Waikato balloonists have welcomed calls for random drug testing of tourism operators to prevent disasters like the Carterton ballooning tragedy.
The response follows a Transport Accident Investigation Commission (TAIC) finding that Carterton balloon pilot Lance Hopping probably smoked cannabis before his poor judgment caused the balloon to crash, killing all 11 people on board.
The commission said it had investigated six incidents over the past 10 years where people had tested positive for performance-impairing substances. Thirty-five people had died in those accidents.
Mark Brown, the co-owner of Hamilton-based Kiwi Balloon Company, said random drug testing was already in place at his business.
After being approached by the Civil Aviation Authority earlier this year, he made it mandatory for employees.
"I was happy to accept. I don't touch drugs and neither does my co-pilot."
Although he had no problems with extending it across the sector, he doubted it would have much of an impact on the aviation industry.
"I think most operators and pilots are very responsible."
Michele Connell, the general manager of Hamilton's Balloons over Waikato festival, said anything that increased safety was welcome.
Drug testing was not something that had been discussed with operators involved in the festival, but it could be something that was looked at in the future, she said.
The commission's finding had divided friends of Mr Hopping and angered victims' families.
The man who checked Mr Hopping's skills when he began flying balloons 20 years ago said he was "disgusted" that drug use was indicated.
"The rumours have always been out there. Now the rumours have come true . . . I'm totally devastated. I've lost all respect for the man," said Rick Walczak, a professional balloonist of 30 years' standing who took Mr Hopping on training flights two decades ago.
Toxicology tests on 53-year-old Mr Hopping's body indicated long-term and recent cannabis use, the commission found in its final report on the accident, released yesterday.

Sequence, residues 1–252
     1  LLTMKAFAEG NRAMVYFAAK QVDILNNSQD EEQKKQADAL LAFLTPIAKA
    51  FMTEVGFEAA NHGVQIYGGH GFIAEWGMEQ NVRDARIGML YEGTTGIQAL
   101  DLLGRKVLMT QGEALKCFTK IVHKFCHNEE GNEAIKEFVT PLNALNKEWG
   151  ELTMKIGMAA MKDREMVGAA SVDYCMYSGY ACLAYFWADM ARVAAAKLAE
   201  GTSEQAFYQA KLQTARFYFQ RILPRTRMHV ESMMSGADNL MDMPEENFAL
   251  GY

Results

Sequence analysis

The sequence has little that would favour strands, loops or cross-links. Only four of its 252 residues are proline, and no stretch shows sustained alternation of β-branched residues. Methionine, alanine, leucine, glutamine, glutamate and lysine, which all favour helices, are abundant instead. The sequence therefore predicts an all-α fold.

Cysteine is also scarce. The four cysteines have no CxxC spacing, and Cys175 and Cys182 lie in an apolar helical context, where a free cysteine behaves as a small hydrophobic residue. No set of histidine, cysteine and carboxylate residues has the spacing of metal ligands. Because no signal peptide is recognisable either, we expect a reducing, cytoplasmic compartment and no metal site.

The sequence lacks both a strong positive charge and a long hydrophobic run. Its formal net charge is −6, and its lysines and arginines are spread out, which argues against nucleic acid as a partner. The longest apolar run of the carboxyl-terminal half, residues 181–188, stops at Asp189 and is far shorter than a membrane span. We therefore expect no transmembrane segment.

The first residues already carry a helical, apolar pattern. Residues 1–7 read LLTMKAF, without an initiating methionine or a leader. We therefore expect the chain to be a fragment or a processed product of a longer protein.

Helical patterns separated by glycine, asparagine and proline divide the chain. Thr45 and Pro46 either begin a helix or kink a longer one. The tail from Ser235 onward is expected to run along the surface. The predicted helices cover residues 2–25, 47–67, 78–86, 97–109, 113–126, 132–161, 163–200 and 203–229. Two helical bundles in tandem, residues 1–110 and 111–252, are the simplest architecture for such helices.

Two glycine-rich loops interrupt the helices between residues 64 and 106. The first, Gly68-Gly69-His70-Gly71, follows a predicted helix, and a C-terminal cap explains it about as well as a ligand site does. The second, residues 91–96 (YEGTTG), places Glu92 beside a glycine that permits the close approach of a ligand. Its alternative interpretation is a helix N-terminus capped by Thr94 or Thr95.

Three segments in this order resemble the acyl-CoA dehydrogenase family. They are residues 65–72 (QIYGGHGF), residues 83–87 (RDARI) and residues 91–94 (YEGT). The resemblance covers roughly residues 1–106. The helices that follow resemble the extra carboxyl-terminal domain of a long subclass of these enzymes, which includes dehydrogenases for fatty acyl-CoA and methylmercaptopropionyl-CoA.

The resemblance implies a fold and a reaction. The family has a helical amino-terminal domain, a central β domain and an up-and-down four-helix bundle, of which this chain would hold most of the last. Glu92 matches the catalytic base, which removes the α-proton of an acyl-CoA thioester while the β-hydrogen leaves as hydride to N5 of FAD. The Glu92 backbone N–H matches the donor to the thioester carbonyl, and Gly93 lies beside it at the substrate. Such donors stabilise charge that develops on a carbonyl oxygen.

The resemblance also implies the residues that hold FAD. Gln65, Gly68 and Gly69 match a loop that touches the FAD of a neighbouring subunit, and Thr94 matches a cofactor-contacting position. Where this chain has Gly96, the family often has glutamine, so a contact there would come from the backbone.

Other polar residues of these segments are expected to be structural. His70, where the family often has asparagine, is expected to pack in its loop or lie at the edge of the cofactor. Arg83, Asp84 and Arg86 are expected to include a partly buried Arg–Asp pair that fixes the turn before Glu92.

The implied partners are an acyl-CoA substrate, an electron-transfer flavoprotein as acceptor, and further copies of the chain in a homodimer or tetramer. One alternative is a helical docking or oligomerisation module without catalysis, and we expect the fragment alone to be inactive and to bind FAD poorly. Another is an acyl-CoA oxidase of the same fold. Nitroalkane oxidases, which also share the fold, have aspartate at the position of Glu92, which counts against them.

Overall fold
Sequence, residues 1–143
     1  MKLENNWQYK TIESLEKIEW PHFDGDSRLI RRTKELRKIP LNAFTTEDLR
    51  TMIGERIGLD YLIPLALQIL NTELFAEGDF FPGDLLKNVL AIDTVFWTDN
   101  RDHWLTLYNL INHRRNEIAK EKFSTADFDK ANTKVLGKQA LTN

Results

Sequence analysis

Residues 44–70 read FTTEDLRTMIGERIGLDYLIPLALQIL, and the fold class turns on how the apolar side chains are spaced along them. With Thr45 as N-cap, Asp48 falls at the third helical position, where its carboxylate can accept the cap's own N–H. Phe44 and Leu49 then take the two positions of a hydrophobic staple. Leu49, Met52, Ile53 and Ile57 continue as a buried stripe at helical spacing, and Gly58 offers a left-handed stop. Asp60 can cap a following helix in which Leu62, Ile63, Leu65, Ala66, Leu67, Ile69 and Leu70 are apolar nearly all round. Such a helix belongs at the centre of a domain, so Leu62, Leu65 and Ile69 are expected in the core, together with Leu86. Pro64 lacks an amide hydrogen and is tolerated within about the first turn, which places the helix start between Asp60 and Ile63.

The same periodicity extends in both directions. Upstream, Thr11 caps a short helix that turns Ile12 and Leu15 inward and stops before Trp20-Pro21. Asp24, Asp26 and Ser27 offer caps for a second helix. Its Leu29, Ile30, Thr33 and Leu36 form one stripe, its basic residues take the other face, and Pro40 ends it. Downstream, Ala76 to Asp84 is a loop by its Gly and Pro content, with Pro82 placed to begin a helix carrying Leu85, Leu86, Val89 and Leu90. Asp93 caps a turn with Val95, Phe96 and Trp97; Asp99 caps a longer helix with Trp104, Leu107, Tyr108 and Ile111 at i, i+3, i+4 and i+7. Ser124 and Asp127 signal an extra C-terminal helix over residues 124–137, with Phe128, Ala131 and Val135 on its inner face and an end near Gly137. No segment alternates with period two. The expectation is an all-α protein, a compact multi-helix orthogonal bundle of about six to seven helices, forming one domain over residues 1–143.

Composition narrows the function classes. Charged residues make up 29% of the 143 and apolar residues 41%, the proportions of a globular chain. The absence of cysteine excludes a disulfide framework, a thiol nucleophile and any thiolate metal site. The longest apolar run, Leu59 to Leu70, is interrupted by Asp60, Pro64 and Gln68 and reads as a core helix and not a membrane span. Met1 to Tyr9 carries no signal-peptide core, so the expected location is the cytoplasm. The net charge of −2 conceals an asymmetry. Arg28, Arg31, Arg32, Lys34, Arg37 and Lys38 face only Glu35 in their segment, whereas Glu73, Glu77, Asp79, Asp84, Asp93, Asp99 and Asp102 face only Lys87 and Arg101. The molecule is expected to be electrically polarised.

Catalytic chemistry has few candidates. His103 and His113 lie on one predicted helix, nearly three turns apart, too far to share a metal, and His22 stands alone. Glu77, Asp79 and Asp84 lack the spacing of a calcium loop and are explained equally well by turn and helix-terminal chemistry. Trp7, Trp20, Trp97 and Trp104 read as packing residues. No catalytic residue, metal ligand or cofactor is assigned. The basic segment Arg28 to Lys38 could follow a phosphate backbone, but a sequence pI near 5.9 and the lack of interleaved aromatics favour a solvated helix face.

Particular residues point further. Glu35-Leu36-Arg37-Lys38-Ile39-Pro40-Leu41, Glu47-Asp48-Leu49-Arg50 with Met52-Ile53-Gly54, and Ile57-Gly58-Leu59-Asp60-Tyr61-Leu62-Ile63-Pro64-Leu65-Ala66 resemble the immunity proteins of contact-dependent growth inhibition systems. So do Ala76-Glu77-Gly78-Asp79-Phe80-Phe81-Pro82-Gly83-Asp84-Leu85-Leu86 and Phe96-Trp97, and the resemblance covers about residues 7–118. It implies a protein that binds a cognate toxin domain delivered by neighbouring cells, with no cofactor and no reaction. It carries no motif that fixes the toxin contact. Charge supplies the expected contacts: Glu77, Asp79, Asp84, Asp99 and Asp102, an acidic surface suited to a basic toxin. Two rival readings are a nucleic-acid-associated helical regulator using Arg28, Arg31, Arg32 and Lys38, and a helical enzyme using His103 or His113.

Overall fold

"Poor judgment and poor decision-making were factors contributing to this accident. The commission found that the pilot's use of cannabis could not be excluded as a factor contributing to his errors of judgment, and therefore to the accident."
Mr Hopping had levels of THC - an active ingredient of cannabis - of 2 micrograms per litre of blood. This is within the range considered enough to stop a driver from satisfactorily completing a police-conducted impairment test.
The report said the typical effects of cannabis on a pilot included deteriorating flying skills, an increase in errors, and being unaware of performance problems.
It said two witnesses had seen Mr Hopping smoking on the balcony of a shed shortly before the flight. He did not smoke tobacco, and his urine tested negative for cotinine, a marker of tobacco use.
Mr Hopping was one of 11 people who died when a balloon belonging to Early Morning Balloons, of Carterton, flew into power lines, burst into flames and crashed into a paddock near the town, about 7.30am on January 7 last year.
Also killed were Howard and Diana Cox, 71 and 63, of Wellington; Desmond and Ann Dean, 65 and 70, of Masterton; cousins Valerie Bennett, 70, of Masterton, and Denise Dellabarca, 58, of Paraparaumu; Stephen Hopkirk, 50, and Belinda Harter, 49, of Lower Hutt; and Chrisjan Jordaan, 21, and Alexis Still, 19, of Wellington.
Members of victims' families reacted with anger to the findings.
"I just feel it didn't need to happen," said Mr Hopkirk's mother Merle. The fateful flight was a surprise present from Ms Harter for his 50th birthday.
The family of Ms Bennett and Ms Dellabarca said in a statement that Mr Hopping had shown "complete disregard for the value of other people's lives".
Ms Still's family said: "This was a man who did not consider or care what the impact of his illegal behaviour would have on those who paid him for an experience of a lifetime."
However, other friends and acquaintances of Mr Hopping defended him.
Former neighbour Matt Carter said the pilot was "meticulous" and "very serious" about his profession.
Wairarapa photographer Geoff Walker, who was photographing the flight and witnessed the crash, disputed the report's findings that Mr Hopping had probably smoked cannabis shortly before takeoff.
"He did have dope in his system, that's just a reality . . . [But] I was there; there was no smell of dope."
Neither Mr Hopping's partner, Nina Keynack, nor other members of his family were available for comment.
- © Fairfax NZ News
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